It will not have escaped you that a good part, a very large part even, a huge part of the earth is covered by water. And if water has many virtues, it still complicates things to know what’s underneath, in relation to the fact that it’s quite opaque, all that. There are therefore a number of things, living or not, that we would not like to be confronted with, miles from the surface, especially not in a dark alley in the evening when we have sprained our ankle.
1. Weird noise
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In June 2016, several people claimed to have heard a super weird noise emanating from the depths of the Arctic Ocean. A noise such that it would have scared away the animals in the area, alerting the local associations for the defense of wildlife. It was fishermen who first felt these buzzes through the hull of their boat before boaters in turn picked up the signal. To date, despite an investigation, the origin of the noise could not be explained. Brrr Boo.
2. Giant squid…
It’s usually what we automatically think of when we think of the abyss: giant squids. These big critters live at depths of over 600 meters and can reach up to 13 meters – the females are bigger and fatter than the males. A priori, the giant squids wouldn’t dare to eat us, but personally I don’t want to go and check.
3. And a lot of critters that we don’t know
It is estimated that two-thirds of marine species remain to be identified. Also it is not uncommon to find on the beaches here or elsewhere gigantic stranded animals that are hard to identify. Sometimes it’s just sperm whales suffering from deformities, sometimes it clearly looks like an unknown and terrifying species. A bit like this species of blind dolphin eel with shark teeth found on a beach in Mexico earlier this year.
4. Mysterious underwater ruins
There are submerged cities all over the world. But among the most bizarre are those of Yonaguni Island, Japan, whose origin dates back 14,000 years and whose interlocking structures are bizarre. The ruins even have a pyramid 30 meters high and it is unclear whether it is a man-made structure or a natural formation that looks very much like a sunken city. In any case, the ruins were submerged 10,000 years ago at the end of the last ice age.
5. Decomposing whale skeletons. Full.
When a whale dies, its fellow whales tend not to hold a proper funeral. The body thus falls there, at the bottom of the ocean, ready to be eaten by scavengers. In order, therefore, it is the sharks who use the first, before the very structure of the skeleton is used to feed for tens and tens of years full of micro-organisms which will also use the spine to build shelters. The bottom of the ocean is thus carpeted with millions of skeletons of marine animals which end up inserting themselves into the underwater decor and becoming an integral part of it. The carbon released by decomposition also allows the creation of specific micro-climates favorable to the emergence of biodiversity.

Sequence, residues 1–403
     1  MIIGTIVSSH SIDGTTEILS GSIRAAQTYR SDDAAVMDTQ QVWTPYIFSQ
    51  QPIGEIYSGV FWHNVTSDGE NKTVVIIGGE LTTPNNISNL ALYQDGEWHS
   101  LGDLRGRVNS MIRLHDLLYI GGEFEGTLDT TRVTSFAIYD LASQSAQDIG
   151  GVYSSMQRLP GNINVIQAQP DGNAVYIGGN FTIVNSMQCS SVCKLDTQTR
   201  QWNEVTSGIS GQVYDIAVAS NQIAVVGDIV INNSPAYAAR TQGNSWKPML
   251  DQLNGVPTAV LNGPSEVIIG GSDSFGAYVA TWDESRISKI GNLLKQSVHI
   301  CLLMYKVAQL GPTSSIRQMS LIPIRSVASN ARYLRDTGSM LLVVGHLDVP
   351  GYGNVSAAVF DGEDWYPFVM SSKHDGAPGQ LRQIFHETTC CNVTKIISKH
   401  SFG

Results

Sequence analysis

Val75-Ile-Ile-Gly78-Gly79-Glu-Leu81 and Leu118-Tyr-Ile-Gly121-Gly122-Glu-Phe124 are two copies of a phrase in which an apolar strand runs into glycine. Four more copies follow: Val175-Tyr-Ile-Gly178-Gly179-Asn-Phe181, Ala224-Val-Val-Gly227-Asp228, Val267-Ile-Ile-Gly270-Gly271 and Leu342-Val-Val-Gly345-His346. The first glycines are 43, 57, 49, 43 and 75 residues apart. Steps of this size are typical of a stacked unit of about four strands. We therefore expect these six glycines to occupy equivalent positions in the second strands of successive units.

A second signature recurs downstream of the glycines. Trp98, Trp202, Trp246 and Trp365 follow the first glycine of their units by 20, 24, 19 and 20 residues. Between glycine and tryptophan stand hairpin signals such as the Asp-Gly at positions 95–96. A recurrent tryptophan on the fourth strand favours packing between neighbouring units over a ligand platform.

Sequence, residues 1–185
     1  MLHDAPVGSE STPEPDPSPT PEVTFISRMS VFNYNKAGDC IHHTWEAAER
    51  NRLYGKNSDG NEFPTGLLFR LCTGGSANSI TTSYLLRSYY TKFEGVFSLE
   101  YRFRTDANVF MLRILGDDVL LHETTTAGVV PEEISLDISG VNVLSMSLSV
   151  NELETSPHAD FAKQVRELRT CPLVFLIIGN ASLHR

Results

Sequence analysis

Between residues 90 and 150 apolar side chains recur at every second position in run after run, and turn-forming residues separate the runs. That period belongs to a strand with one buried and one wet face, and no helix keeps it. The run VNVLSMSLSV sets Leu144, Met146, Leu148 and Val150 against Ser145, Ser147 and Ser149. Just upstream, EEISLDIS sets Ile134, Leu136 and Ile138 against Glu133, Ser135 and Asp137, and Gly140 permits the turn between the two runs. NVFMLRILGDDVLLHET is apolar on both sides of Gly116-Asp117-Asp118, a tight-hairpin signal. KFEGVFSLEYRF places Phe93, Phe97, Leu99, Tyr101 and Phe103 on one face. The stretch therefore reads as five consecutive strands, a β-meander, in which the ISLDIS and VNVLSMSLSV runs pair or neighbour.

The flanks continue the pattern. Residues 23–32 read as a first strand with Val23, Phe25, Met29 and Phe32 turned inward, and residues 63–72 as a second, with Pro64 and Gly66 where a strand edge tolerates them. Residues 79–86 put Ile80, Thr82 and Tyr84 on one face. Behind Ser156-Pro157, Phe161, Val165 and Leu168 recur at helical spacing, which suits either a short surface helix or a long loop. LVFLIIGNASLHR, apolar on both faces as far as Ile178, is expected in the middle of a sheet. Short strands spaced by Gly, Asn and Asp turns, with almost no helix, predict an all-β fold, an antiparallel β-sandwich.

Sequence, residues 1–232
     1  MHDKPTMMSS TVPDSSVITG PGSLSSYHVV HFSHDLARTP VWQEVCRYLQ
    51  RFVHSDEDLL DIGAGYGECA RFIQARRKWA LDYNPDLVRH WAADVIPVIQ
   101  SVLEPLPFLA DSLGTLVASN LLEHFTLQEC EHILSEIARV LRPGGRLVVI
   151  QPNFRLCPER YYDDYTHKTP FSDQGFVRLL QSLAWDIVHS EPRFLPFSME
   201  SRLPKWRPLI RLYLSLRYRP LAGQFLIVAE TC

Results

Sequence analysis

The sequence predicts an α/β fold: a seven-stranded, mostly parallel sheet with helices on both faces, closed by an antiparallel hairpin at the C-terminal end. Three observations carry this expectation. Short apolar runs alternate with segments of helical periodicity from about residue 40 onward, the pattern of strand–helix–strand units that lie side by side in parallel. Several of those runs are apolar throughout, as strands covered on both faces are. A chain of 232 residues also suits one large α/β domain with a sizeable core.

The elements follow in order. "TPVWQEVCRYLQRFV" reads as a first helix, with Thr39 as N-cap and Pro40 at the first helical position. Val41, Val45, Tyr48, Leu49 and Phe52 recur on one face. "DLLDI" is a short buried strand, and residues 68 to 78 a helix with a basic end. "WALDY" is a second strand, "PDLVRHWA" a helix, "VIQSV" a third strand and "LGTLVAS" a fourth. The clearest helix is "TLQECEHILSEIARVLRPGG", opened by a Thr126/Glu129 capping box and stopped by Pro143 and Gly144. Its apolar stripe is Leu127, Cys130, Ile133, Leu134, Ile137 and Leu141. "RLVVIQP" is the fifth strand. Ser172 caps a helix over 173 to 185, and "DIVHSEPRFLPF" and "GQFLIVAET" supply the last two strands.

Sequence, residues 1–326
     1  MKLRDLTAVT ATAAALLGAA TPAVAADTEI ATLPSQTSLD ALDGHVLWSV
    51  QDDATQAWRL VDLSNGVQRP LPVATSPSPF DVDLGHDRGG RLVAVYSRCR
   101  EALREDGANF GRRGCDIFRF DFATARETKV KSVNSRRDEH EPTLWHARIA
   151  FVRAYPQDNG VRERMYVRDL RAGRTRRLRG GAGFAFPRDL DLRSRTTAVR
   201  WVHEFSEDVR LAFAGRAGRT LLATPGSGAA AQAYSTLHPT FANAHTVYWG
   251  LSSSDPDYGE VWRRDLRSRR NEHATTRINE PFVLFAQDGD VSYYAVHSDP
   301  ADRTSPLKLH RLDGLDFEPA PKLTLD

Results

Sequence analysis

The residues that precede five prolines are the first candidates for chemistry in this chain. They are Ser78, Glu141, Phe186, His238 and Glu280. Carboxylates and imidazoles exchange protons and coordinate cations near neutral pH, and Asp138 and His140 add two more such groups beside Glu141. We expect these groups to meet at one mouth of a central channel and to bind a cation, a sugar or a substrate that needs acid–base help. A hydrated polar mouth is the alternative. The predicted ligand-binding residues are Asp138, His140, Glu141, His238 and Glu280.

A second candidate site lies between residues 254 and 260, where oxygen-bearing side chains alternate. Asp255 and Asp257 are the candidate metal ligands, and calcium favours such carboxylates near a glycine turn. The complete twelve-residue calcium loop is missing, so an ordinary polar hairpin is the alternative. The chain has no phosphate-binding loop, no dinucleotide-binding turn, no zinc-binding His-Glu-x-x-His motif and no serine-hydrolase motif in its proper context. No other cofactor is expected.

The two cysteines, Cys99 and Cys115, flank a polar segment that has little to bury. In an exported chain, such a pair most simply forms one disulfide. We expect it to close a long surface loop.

6. Lost submarines. Lots of lost submarines.
And therefore probably the decomposed corpses of their crew. The Americans alone have lost more than 70 submarines since the beginning of the 20th century. More worryingly, some missing submarines were carrying nuclear warheads. A total of 9 nuclear submarines have been sunk since the beginning of the atomic age, of which 5 were Soviet, 2 Russian and 2 American. You don’t want to fall on it while taking a dip.
7. Secret military bases
The melting of the ice can hold funny surprises. In 2016, it thus forced the emergence of an American military base submerged in the Arctic, under the ice of Greenland. And what does it contain, this military base installed during the Cold War in anticipation of the nuclear apocalypse with the Soviets? Nuclear ballistic warheads, of course. There is therefore a huge environmental challenge.
8. Underwater graveyards
There are underwater cemeteries all over the world – and by underwater cemeteries I mean cemeteries where people have been buried underwater, not places where lots of boats have run aground. One of them is called the Neptune Memorial Reef and is located in Florida. It accommodates 700 remains at a depth of 15 meters in a setting of kitsch Greek colonnades designed to recall Atlantis. We hope that in 1000 years the guys who come across it will not believe that it is REALLY about Atlantis.
9. Freaking Statues
There are two types of underwater statues: those that aren’t freaking out at all since they were put there recently by municipally funded artists, and those that are seriously freaking out because they’ve been there for ages. centuries and centuries and we find dead fish on it. Off Easter Island, tour operators take advantage of a fake submerged Moai for filming and take divers there, but what they didn’t know is that there is a real submerged Moai in the area: 1952, one of the statues was indeed embarked on board a ship of the Chilean navy in the direction of the continent before falling to the bottom of the seas without anyone ever finding it.
10. People who say “I’m underwater”
And they are unbearable. They also say “I’m busy”, “I’m overbooked”, they sweat a lot and start all their sentences with “it is absolutely necessary that”. These are arguably the greatest terrors of the abyss. And I weigh my words. They are 18 grams.